Monday 20 May 2019

Ban lifted on smut mags -- but hasn't the horse bolted?

We are exposed daily to images of sex -- so the new influx of smut won't raise many eyebrows, says Eamon Delaney

Eamon Delaney

You might, or might not be interested, to know that as of last week the following publications are freely and legally available in Ireland: Razzle, Mayfair, Men Only, Escort and Club International.

Unless you are completely innocent, you will recognise at least some of these titles as mainstream porn magazines, or girlie mags, or skinrags.

In fact, they are now described as 'glamour' publications, which suggests Kate Moss wearing Dolce & Gabbana, whereas in fact they are more likely to feature some other Kate, from Essex, wearing nothing at all, and smiling wantonly from the kitchen table. In fairness, some of the publications, as the posh title Mayfair suggests, strive for a certain Helmut Newton sophistication (hotel balconies, four-poster beds) but many of the others are just upfront North of England smut, with all the grace of a DIY gynaecology manual. Or, as the trade parlance goes, 'the butcher's window'.

You may have assumed that such publications are already available in Ireland, since the general lifting of the ban on high-street pornography in the mid-Nineties. However, these have all been hit with specific bans going right back to 1935 when Razzle first started publishing. I knew Razzle was an old publication, as I remember it being one of the journals often cited by Philip Larkin in his infamous letters, the publication of which, a few years back, somewhat tarnished the image of one of England's greatest poets. I don't know what people were expecting: the grumpy, repressed Larkin actually seemed like the classic purveyor of secret and saucy porn.

Anyway, as of last week, these publications will be available here. They may have been sold anyway, but the publishers decided to regularise the whole thing and appealed to the Censorship of Publications Appeals Board (CPAB). This is a five-person State body, chaired by solicitor Paula Mullooly, and whose members (four women and one man) go unpaid for their curious task.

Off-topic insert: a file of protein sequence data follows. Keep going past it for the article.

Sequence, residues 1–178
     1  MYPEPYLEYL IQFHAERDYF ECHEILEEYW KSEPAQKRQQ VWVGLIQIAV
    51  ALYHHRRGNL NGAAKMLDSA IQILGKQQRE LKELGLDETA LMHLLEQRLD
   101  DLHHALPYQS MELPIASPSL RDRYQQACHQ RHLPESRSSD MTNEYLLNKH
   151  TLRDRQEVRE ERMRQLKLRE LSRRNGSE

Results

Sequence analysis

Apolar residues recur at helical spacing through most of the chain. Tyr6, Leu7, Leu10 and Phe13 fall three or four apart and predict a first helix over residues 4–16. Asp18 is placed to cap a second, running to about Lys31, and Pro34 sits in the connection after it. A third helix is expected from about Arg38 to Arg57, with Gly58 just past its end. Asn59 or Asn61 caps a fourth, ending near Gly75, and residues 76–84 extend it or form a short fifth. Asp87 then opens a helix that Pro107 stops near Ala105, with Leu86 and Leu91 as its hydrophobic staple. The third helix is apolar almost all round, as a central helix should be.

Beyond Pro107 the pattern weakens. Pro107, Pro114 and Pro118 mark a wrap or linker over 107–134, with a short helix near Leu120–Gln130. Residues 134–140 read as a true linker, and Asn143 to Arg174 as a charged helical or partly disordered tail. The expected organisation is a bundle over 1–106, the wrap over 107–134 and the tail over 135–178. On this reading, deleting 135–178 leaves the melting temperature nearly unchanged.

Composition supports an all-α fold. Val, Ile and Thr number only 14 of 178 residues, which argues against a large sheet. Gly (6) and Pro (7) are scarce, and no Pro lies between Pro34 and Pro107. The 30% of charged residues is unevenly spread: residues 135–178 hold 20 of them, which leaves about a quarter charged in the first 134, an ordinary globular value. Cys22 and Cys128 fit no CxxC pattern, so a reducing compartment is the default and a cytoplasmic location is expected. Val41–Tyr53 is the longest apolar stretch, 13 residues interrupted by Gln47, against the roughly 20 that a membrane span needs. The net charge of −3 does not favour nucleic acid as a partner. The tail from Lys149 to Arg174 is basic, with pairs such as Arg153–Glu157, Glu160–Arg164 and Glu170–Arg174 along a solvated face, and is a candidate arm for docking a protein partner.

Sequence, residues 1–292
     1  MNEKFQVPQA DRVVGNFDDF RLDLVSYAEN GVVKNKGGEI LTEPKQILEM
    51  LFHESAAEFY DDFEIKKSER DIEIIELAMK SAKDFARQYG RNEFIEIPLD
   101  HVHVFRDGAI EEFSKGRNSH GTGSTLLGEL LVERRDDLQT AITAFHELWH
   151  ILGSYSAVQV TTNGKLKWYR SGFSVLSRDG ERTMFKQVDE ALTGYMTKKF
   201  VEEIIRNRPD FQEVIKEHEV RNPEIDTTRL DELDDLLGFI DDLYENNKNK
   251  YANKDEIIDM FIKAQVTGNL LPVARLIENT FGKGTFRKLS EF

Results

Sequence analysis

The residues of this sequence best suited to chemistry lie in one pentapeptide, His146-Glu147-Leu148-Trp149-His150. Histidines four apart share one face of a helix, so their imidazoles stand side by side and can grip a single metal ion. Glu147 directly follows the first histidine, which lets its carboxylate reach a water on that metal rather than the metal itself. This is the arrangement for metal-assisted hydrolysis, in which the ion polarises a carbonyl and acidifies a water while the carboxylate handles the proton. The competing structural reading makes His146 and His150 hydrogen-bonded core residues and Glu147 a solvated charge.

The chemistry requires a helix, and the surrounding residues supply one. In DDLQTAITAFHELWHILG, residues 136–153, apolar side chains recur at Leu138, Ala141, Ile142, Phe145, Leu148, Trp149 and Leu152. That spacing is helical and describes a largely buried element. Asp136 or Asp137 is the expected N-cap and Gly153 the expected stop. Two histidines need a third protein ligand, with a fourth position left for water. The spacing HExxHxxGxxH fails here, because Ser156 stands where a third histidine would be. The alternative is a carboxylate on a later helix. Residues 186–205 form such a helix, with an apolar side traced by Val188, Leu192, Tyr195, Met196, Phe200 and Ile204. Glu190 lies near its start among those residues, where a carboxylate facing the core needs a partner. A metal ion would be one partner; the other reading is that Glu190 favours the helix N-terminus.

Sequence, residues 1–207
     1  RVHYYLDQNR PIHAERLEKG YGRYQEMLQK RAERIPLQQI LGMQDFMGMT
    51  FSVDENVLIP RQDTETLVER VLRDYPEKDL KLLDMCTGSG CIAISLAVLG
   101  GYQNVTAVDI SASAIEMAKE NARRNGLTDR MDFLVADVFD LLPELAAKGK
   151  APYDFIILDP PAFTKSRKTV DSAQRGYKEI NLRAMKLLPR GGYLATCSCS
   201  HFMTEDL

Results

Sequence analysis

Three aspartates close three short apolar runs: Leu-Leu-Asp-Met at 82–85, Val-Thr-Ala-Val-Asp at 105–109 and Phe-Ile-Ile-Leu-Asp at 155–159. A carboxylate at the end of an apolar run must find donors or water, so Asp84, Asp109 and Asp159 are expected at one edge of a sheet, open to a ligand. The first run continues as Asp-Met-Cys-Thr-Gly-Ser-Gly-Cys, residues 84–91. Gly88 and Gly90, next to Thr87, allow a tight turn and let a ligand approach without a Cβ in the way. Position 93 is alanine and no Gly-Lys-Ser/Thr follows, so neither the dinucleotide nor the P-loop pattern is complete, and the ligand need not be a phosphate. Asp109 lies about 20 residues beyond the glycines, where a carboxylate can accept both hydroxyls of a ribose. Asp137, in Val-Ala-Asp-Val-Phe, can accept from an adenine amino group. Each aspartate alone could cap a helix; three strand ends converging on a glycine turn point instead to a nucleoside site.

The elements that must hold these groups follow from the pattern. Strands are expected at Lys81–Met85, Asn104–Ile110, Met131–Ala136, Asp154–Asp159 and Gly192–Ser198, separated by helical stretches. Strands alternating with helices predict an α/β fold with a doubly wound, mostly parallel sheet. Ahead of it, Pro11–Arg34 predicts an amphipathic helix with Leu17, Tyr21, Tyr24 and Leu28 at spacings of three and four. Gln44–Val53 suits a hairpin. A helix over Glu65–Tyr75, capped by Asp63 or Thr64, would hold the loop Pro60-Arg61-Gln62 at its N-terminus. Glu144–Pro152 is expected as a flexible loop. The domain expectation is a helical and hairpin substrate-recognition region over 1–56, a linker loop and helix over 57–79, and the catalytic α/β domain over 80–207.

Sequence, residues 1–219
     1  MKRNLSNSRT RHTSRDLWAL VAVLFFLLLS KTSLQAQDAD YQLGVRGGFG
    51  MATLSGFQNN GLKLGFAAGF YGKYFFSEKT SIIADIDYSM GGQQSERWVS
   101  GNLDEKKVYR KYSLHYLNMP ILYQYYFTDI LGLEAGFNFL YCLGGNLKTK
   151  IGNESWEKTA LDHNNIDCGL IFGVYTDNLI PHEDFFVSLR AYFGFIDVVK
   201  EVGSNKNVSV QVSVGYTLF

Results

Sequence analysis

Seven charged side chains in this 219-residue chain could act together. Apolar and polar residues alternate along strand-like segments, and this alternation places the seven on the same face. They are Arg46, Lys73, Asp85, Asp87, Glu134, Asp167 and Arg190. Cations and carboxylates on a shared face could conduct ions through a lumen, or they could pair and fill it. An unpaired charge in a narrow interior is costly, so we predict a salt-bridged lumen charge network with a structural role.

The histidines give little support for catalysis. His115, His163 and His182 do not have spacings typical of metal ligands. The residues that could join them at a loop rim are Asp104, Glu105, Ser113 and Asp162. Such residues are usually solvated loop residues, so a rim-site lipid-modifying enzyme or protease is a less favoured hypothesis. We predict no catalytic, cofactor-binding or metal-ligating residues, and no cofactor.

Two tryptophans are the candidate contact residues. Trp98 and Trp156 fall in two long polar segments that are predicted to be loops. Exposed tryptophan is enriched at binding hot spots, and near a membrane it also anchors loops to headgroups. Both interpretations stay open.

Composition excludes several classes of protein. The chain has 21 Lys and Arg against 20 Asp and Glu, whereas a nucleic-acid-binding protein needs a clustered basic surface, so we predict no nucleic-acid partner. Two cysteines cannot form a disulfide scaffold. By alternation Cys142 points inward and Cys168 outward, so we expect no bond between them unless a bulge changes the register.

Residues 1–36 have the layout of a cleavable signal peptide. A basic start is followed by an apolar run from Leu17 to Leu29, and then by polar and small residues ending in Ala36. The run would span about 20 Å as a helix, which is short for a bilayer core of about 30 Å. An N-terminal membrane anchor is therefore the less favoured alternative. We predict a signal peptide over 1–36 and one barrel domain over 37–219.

however, this is the first time the CPAB has met since 2005 -- an amazing inactivity compared to the Ireland of McQuaid and De Valera when the censor authorities must have been working overtime to ban everything from the novels of John Steinbeck to the bikini-clad tourist brochures of Mediterranean hot spots. Not as fanciful as you think. Even in the still-banning Ireland of the Eighties, it was said that there was always a huge run on the annual sun-drenched brochures of Budget Travel and Hickson's holidays!

However, things have changed, and the fact that we have such a censorship appeals board at all is strange. Especially when you can buy similar, and more hardcore, material in many city newsagents -- with DVD included. Nor is the law applied evenly, with some newsagents displaying, or concealing, such material not on the top shelf, as expected, but loosely in among lads' mags some of which, admittedly, have blurred the lines between soft porn, lads' mags, and harder porn material.

And one has to say that it is sometimes a bit 'in your face' to be confronted by all these covers as you root for Mojo, or Newsweek. And if I feel this, then how more disquieting it must be for many women, coming in to buy the Herald. Almost all newsagents or convenience stores now stock Playboy and Penthouse, but while the latter is now almost traditional in its cheesy, American nudity, the latter is a more explicit affair.

However, apart from making our newsagents less sleazy, does the question of wider and legal access really matter when all kinds of material are available by post, and under wrapper? Or more importantly via the internet, which, during its much-heralded arrival, was almost a by-word for porn. The amount of porn on the internet is still staggering, and this is where new and proper censorship laws must apply. I have managed to avoid the porn spam which others have got in their email, but recent tweets from seemingly innocent Twitter followers have opened to reveal unwanted porn and pay rates.

The priority here should be the protection of children, and those too young to have an adult understanding of such material, and here the authorities, and more especially family responsibility, come into play. But on the broader issue of the sexualisation of our culture, and dubious role models like Britney Spears and Rihanna, performing and setting standards for tweenies, or early female teens, one wonders if the horse hasn't bolted.

For almost 20 years now we have been hearing this debate and still we get the likes of Rihanna doing a simulated stripper routine at the MTV awards. Put simply: parents shouldn't expose their kids to this. Because, quite frankly, the producers and marketeers don't care.

Still, for adult society, it is as well not to be too censorious or judgemental and no one wants to go back to the old days of snooping prudes and things getting banned by those who felt they knew what was best for us.

I may not be a fan of modern lad culture, but I remember when it emerged in the late Nineties, and bled into the mainstream, that there was a terrible fretting by concerned liberals, who are often the least liberal on these matters. Yes, sex sells, that's the reality, but the selling of depictions of sex, or its suggestion, is quite a different story and is something that should be kept on the top shelf.

If it is another five or six years before the Censorship Appeals Board has to convene, that will be no bad thing. And I'm sure they'd be the first to agree with that.

Sunday Independent

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